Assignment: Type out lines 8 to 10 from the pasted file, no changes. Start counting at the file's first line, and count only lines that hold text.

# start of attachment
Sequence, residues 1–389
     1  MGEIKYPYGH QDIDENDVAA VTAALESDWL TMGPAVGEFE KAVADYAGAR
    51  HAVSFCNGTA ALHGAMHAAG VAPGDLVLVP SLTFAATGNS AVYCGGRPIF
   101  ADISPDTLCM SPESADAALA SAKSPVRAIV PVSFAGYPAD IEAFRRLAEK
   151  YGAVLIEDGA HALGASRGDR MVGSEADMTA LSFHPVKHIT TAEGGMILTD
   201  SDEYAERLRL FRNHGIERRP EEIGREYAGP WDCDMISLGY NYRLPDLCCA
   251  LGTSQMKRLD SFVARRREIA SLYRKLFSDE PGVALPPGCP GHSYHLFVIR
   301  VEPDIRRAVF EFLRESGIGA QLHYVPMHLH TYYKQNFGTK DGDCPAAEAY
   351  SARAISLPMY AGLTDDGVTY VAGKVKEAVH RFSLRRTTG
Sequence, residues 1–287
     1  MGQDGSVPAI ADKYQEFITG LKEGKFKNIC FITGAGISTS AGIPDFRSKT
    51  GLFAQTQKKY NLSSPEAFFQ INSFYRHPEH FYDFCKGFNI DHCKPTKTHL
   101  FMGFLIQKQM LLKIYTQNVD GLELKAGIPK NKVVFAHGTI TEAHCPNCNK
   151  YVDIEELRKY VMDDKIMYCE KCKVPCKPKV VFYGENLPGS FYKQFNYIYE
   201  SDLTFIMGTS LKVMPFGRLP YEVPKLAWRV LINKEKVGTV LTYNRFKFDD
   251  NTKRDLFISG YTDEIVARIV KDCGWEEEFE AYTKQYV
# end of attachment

   301  VEPDIRRAVF EFLRESGIGA QLHYVPMHLH TYYKQNFGTK DGDCPAAEAY
   351  SARAISLPMY AGLTDDGVTY VAGKVKEAVH RFSLRRTTG
Sequence, residues 1–287